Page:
burning like matchsticks in the face of the darkness|
[Most Recent Entries]
Wednesday, November 3rd, 2004
|"There is a life about to start, when tomorrow comes..."
Honestly, i don't particularly want either of these 2 men running my country. So i'm not going to be particularly happy come morning regardless. (A repeat of 2000, i.e. no clear winner, will make me particularly upset, though, because i do not want to have to deal with that.) I only get anxious when i start thinking about how my surrounding world (leftist Smith college, liberal friends, etc.) will react to certain outcomes. Regardless of who wins, there's a lot of work to be done these next 4 years and beyond.
And that will be my focus in terms of politics -- working on the stuff i care about, not bitching about how much i loathe whomever is in charge.
It does make me sad that the same-sex marriage bans seem to all be passing. I honestly believe that these bans will eventually go the way of the miscegenation laws, but "eventually" may not be as soon as i would like. Speaking out, writing letters, being a witness with my life... all these things are things i am willing and likely to do around this issue (and have done in the past, in fact). And honestly i feel more solid and comfortable and powerful doing that kind of work on concrete issues like that rather than dealing with the big sprawling far more complicated and problematic stuff like Presidents. (Activism re: specific Presidential policies is a total go, but trying to get me to campaign for an entire platform/administration... not likely.)
I have gotten unsatisfactory responses so far to my queries about the confusing pieces of my grad apps, but my paper is going well, and i have a mix of mellow background music (though it is reminding me that i function far more efficiently without background music). ::ignores the work that looms after the completion of this particular paper, as it can be put off until after some sleep::I may not be entirely willing to listen to you bitch about politics, but i am always willing to hug people in distress.
|Is this what it feels like to be a fountain of grace?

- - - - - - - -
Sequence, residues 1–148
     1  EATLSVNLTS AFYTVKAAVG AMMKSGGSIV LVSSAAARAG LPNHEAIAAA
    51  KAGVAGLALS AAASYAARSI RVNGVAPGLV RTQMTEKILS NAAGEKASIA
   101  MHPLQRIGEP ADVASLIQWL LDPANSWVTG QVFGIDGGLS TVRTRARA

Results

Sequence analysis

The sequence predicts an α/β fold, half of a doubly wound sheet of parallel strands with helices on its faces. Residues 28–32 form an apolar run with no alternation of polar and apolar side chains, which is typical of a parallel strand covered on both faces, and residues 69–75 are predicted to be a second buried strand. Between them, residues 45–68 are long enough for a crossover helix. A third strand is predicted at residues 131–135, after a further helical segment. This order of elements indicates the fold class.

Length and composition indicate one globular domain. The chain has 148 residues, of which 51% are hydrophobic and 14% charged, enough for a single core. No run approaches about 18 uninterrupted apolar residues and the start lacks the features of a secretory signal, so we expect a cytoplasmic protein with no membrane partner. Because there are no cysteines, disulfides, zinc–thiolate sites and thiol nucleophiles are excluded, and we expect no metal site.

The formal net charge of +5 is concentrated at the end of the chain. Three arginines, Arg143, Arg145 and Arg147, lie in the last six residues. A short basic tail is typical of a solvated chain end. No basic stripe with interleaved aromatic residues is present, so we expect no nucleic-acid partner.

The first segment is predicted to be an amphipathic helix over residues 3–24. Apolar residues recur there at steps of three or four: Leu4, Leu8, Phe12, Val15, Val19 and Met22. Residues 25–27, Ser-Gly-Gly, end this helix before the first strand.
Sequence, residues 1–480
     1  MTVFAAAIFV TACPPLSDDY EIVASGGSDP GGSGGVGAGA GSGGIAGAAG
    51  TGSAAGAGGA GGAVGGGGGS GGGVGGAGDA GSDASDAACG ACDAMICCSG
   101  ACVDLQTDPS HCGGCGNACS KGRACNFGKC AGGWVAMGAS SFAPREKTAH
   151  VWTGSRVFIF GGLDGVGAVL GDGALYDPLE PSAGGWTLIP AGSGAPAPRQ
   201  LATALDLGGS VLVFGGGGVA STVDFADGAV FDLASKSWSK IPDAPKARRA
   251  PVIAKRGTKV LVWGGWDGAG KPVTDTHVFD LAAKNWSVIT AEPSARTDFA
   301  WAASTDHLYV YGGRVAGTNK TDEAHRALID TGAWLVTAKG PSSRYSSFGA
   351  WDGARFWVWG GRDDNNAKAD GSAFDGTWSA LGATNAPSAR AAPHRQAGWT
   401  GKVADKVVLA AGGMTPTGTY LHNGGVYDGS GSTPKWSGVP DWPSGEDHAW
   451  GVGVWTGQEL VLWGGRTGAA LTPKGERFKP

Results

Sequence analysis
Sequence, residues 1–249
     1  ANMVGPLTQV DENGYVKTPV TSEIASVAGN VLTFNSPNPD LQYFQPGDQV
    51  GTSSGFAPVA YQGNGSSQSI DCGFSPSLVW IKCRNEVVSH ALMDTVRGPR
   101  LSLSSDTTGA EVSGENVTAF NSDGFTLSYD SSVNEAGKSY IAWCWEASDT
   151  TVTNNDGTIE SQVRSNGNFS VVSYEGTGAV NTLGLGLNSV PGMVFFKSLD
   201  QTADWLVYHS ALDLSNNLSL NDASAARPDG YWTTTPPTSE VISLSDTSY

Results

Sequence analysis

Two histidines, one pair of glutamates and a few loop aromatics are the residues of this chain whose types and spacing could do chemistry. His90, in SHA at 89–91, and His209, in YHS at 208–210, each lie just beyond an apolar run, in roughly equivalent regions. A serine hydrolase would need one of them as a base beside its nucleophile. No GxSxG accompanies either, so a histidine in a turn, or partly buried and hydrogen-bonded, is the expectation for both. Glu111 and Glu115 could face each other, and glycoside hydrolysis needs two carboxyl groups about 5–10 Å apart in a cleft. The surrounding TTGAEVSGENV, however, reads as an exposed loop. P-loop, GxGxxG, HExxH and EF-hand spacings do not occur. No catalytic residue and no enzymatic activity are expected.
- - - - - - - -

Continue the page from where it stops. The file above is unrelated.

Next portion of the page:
"You always say it best." -quasisonic
"Thank you." -bella_loki
"I love you. Thanks for helping to keep me sane through all this." -sk8eeyore
"I'm a bit more peaceful now, after reading this, which I think will help me sleep." -akronohten
(We talked about grace last week at RCFOS, about giving and receiving it, about the unexpected light in the dark place -- and i referenced Seamus Heaney’s “Skylight”
Knowing that i was such a grace to other people is such a grace to me.
[Writing a paper was totally better than watching election coverage, though i ended up refreshing the CNN page
-- too late i learned of the c-span map
-- with some regularity, and of course if i hadn’t been writing a paper i could have just gone to bed at a decent hour. Anyway, my paper has not been read over to check for coherency, excessive repetition, etc., but it is done.] Current Mood: only kinda tired
An acquaintance posted "but who are the millions of people who voted for bush? and what the mother fuck were they thinking? really, what?" and i thought, "Do you really want an answer to that?" and recalled an e-mail my father had sent about whom the various people he reads were supporting for President. Many either didn't publicly state or were not voting. Many were voting reluctantly, being far from enamored with either candidate. Many had thoughtful reasons for voting for Bush. I couldn't easily find statements of Why for many of the people (e.g. Glenn Reynolds